What will the workforce of 2030 need?

by L&D14 Nov 2016
A newly-released national report has indicated that the pre-schoolers of today will require a mixture of digital and computer skills and 'soft' communication and creative skills in order to be competitive in the jobs market of tomorrow.
 
According to the report, "It's the mix of skills that matters – a good balance across hard and soft skills will give younger generations the greatest advantage as they enter the workforce."
 
The report was carried out by the Regional Australia Institute and NBN and is titled Future of Work – Setting Kids Up for Success. The study reviewed job trends in Australia in order to gauge what will be required of those entering the workforce in the year 2030. A combination of IT skills and communication ability is set to be the ideal mix.
 
"Nerds and geeks have had a good run in the last decade, masking the enormous growth of 'people to people' jobs. Both attributes will be highly valued in the future labour market," said the report.
 
"As well as digital skills, more tangible attributes – entrepreneurialism, creativity and interpersonal skills – are becoming increasingly important to businesses and organisations.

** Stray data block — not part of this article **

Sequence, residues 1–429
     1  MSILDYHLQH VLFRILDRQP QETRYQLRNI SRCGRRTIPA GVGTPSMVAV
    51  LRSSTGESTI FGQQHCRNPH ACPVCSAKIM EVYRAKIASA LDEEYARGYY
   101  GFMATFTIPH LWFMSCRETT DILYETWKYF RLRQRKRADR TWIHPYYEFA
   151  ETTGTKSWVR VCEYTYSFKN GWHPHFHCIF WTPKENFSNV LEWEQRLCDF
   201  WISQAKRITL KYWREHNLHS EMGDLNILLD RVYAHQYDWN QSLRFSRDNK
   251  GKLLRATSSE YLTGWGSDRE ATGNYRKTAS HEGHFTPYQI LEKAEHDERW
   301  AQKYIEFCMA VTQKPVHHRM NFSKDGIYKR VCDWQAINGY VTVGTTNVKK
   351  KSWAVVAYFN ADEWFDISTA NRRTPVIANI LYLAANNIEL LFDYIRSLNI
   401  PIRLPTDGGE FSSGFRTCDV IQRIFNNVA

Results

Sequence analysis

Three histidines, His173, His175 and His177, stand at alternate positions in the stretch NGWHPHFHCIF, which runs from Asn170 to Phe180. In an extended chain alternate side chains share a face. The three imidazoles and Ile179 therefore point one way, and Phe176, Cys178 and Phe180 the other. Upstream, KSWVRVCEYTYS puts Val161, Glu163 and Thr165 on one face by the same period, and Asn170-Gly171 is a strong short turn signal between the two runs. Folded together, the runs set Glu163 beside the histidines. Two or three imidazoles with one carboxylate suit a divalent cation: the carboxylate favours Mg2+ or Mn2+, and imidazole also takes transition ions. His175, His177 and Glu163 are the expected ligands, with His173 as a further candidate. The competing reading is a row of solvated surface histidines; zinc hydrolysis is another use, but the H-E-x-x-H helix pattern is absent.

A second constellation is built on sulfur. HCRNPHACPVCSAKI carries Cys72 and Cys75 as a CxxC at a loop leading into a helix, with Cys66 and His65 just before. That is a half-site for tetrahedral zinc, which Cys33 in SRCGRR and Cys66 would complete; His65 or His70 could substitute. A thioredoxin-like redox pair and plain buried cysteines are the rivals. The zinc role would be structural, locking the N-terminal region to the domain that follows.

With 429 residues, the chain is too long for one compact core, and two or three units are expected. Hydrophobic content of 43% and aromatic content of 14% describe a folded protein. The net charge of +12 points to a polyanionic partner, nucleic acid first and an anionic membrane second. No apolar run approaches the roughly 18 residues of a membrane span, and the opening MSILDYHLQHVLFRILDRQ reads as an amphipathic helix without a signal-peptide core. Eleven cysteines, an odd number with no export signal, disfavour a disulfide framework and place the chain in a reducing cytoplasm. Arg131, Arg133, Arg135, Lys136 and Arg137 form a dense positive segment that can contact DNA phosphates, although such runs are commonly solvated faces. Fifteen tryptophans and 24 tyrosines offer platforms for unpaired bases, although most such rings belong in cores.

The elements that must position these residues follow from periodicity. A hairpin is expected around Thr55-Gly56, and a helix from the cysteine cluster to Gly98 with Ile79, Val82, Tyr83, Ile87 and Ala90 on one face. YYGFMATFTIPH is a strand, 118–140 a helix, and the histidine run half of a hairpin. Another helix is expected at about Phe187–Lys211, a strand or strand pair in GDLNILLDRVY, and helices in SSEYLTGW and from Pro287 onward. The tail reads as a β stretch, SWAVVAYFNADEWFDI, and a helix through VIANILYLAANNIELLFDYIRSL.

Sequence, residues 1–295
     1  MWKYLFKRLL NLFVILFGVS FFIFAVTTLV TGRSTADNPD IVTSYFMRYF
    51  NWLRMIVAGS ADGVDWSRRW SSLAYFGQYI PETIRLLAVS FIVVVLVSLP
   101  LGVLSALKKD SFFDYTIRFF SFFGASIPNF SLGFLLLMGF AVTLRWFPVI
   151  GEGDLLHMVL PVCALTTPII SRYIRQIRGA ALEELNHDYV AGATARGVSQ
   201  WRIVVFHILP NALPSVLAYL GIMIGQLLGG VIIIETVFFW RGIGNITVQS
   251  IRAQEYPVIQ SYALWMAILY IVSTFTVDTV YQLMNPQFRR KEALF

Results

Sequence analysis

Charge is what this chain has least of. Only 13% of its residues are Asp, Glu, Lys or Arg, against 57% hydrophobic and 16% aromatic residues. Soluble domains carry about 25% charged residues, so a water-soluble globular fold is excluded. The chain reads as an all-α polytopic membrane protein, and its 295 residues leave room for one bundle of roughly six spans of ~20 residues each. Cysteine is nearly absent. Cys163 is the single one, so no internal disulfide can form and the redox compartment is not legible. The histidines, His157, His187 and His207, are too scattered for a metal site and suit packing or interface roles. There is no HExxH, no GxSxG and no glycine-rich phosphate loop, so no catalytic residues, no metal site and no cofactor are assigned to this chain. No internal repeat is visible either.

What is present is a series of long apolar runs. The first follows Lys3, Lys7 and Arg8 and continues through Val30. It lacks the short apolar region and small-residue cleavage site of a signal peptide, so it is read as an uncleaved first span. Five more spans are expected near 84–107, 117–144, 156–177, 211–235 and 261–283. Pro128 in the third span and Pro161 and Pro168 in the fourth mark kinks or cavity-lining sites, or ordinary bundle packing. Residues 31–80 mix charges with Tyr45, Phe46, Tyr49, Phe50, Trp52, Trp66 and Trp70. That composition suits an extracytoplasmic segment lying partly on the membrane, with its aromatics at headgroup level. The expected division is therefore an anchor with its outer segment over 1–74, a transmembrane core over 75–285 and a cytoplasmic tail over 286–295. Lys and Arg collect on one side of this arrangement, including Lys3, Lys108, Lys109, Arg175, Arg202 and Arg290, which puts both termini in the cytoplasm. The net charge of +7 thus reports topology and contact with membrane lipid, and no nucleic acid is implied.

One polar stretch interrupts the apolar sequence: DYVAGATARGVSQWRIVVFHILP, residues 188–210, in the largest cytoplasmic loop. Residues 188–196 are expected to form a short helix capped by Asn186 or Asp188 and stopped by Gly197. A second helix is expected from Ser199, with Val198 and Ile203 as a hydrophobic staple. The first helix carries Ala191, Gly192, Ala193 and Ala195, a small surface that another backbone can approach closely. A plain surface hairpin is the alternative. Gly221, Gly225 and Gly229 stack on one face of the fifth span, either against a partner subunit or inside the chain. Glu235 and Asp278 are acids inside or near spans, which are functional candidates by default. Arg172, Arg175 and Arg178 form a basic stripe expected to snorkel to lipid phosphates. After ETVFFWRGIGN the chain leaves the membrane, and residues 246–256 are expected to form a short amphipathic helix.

"Many are calling for the integration of enterprise and entrepreneurialism skills into schools and universities. This could expand the investment in science and technology engineering and maths (STEM) to encompass entrepreneurship, art and design – expanding STEM to STEAMED. This reveals the growing value of soft skills in additional to technical proficiency."
 
The report anticipates that the jobs of the future will be "flexible, entrepreneurial and dynamic" and also highlighted the need for regional areas to be prepared for the changing job market by providing education with an emphasis on soft and hard skills, as well as establishing infrastructure and fostering entrepreneurial know-how.
 
The study offered the proviso, however, that many jobs that will need to be performed come 2030 have not even been conceived of yet, and that many of the jobs of today will be consigned to history by that year.
 
Responding to the study, Jack Archer, chief executive of the Regional Australia Institute, said there was "a lot of noise about the future of work and what it will mean" and that new pathways must be created to help children achieve the right balance between digital and soft skills.
 

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